onto - definition in the British English Dictionary & Thesaurus - Cambridge Dictionaries Online (US)

Cambridge Dictionaries online Cambridge Dictionaries online

The most popular online dictionary and thesaurus for learners of English

English definition of “onto”

See all translations

onto

preposition (also on to) uk   /ˈɒn.tu/  us   /ˈɑːn.tu/

onto preposition (MOVEMENT)

B1 used to show movement into or on a particular place: I slipped as I stepped onto the platform. The sheep were loaded onto trucks.
More examples

onto preposition (CHANGING SUBJECT)

B2 used about changing to, or starting to talk about, a different subject: How did we get onto this subject? Can we move onto the next item on the agenda? I'd now like to come onto my next point.

onto preposition (HOLDING)

hold, hang, grip, etc. onto to keep holding something: Hold onto my hand and you'll be perfectly safe.

onto preposition (KNOWING)

knowing about someone or something that can be useful to you: So how did you get onto this deal? David put me onto (= told me about) a really good restaurant. You're onto a good thing with this buy-one-get-one-free offer at the shop. knowing about something bad someone has done: He knows we're onto him. Who put the police onto (= told the police about) her?

onto preposition (ASKING)

UK If you are onto someone, you talk to that person, especially to ask them to do something, or to complain to them: I must get onto the plumber about the shower. Dad was onto her again about doing her homework.

onto preposition (ADDING)

used about someone or something that is added to or joins a particular thing: Imir's been voted onto the union committee. I've been having problems loading this software onto my computer.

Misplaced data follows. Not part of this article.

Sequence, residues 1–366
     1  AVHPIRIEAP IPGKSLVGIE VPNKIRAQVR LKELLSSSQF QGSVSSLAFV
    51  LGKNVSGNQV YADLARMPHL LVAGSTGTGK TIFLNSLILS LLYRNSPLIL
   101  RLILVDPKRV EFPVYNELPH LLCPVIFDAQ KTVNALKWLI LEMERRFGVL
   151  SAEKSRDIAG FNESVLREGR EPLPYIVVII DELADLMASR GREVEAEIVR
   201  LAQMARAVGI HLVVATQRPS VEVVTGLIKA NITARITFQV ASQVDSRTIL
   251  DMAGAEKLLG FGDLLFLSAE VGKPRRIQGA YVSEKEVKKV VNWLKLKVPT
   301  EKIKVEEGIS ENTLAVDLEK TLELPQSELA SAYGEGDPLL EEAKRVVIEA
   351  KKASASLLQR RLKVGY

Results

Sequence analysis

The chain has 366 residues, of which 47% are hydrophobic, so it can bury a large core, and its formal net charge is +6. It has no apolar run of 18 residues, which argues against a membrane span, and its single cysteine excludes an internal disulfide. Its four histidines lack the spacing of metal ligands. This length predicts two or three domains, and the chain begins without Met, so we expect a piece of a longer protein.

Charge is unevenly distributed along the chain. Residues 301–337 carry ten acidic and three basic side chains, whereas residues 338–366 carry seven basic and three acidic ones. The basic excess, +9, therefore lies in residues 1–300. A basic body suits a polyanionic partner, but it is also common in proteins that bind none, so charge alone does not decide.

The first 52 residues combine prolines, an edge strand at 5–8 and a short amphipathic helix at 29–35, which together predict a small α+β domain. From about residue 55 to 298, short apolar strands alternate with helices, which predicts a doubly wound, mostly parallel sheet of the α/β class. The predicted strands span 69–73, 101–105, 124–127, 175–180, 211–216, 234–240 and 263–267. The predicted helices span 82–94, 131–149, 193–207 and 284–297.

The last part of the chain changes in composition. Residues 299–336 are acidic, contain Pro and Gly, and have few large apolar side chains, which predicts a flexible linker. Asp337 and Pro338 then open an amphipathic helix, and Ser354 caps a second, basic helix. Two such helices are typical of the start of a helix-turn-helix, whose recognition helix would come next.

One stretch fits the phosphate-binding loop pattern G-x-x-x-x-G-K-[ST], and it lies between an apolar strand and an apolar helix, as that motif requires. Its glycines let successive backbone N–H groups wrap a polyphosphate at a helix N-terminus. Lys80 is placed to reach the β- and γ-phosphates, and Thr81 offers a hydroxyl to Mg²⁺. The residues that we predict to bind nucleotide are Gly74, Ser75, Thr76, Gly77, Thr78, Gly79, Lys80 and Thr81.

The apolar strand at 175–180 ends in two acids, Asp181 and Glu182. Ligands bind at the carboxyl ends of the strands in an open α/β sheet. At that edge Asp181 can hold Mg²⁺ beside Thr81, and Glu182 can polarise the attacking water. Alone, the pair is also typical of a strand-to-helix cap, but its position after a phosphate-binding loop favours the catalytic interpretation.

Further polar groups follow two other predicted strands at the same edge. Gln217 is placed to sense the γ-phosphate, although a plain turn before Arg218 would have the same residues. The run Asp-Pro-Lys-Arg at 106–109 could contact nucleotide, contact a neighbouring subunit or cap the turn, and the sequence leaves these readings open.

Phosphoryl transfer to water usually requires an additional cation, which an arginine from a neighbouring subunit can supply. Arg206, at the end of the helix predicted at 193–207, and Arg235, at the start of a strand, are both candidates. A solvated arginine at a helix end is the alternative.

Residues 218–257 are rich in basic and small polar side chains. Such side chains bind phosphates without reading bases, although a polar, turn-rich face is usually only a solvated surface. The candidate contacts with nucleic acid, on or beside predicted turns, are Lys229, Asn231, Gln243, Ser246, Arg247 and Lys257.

(Definition of onto from the Cambridge Advanced Learners Dictionary & Thesaurus © Cambridge University Press)
What is the pronunciation of onto?
Add Cambridge dictionaries to your browser to your website

Definitions of “onto” in other dictionaries

SMART Thesaurus: On or off

“onto”: synonyms and related words:

Word of the Day

intellectualize

to think about or discuss a subject in a detailed and intellectual way, without involving your emotions or feelings

Word of the Day

What’s All The Commotion About? (Words to describe sounds)

by Kate Woodford,
May 20, 2015
​​​ In this post we look at a range of words and phrases that we use to describe noise and the absence of noise. Starting with complete quiet, we sometimes use the noun hush to describe silence: A hush fell over the room as the bride walked in./There was a deathly hush (=complete

Read More 

plyscraper noun

May 18, 2015
a skyscraper made mainly from wood The development of engineered timber could herald a new era of eco-friendly ‘plyscrapers’. Christchurch welcomed its first multistorey timber structure this year, there are plans for Vancouver, and the talk is China could follow

Read More